2002-11-29 - 7:23 p.m.
Here is the story of our weekend in Breaux Bridge.
November 23, 2002
First stop was the nature trail outside of Pontchatoula. We got caught up in a large flock of Yellow-Rumped Myrtle Warblers in a variety of plumages. A full male in beautiful feather came down and sang to us at the end of the trail.
We had breakfast at Paul's Cafe, a diner in Pontachoula, and then we couldn't resist a little bargain hunting. I found a copper rooster just right for the kitchen and a vintage "coral"/rhinestone scarf clip for only $1.
Afternoon trip to Lake Martin where we had close-up looks at some inquisitve Blue-Gray Flycatchers.
Our cabin in Breaux Bridge had a screened back porch and an unscreened back porch on Bayou Teche, as well as a deep front porch. It was all cypress, with an antique bed dating to the mid-1800s and a chandelier in every room -- even the bathroom!
There was a clawfoot tub and a gas fireplace -- definitely the easy, smokeless way to a crackling fire.
Antique sign on back porch of our cabin
Copyright 2002 Elaine Radford, all rights reserved
November 24, 2002
An early morning run to Lake Martin. There are a lot of duck leases nearby but we managed to see some nice smaller birds and experiment with photographing the fog rising from the lake, which is a classic cypress swamp complete with Spanish moss.
Our trip to Avery Island revealed only one alligator in the cold, clear weather, but it became a special experience when we saw a bright male Vermilion Flycatcher and later found a mixed flock of small birds including a bold, confiding "Yellow Palm" Eastern morph of the Palm Warbler, who was accompanied by two Western Palms.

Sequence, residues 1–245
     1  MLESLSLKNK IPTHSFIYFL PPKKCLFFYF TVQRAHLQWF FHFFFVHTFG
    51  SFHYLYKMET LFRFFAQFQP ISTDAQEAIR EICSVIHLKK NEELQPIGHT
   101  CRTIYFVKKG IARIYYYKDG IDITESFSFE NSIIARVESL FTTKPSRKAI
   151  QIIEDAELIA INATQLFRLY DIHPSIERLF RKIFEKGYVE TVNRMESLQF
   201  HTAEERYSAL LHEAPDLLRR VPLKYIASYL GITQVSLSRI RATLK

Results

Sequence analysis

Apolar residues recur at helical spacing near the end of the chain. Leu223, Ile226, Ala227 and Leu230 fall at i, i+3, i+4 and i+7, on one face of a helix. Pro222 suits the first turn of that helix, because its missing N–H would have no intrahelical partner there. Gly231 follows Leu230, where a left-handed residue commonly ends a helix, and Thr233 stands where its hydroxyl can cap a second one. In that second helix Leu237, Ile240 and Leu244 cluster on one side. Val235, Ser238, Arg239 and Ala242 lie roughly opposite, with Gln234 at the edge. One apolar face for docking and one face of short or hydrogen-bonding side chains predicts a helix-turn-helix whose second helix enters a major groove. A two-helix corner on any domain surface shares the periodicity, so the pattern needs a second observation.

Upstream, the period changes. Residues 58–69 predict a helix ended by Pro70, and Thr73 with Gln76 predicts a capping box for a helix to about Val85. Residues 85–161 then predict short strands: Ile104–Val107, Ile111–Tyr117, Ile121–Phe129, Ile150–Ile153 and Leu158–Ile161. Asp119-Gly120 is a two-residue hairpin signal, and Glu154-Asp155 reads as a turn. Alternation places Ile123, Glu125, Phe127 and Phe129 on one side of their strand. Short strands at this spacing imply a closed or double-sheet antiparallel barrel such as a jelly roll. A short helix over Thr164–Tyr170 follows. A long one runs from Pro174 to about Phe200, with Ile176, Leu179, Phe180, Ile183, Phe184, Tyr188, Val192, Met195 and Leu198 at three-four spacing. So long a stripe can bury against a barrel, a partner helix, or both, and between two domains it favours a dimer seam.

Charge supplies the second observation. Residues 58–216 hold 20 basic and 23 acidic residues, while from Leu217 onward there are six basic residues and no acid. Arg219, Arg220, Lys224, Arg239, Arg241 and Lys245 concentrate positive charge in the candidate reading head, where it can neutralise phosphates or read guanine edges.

November 25, 2002
No breakfast in our cabin today so we went in search of some colorful old-time diner. No luck, although we saw lots of scenes of downed trees, roofing repairs, and even two entire houses being moved somewhere with police escort. Ended up with a highly dubious breakfast buffet at a Best Western. No toast at breakfast???
We took a swamp tour on Lake Martin in an eighteen foot flatboat with another couple and a white-bearded Cajun tour guide. We found three alligators enjoying the sun. Roger sampled his homemade moonshine but I wasn't into sharing spit on the bottle, ha ha. Roger said it was great, though. Nice and smooth. Our guide also gave us some Louisiana Sweet oranges which were fantastic and almost made me believe in oranges again.
As on our first two nights, we walked down the street and feasted on delicious Cajun food at Mulate's.
November 26, 2002
Time to check out but not before the owners of the cabins loaded us up with homemade root beer and their special cracklins.
All Rights Reserved, Copyright � 2002-2014 by Elaine Radford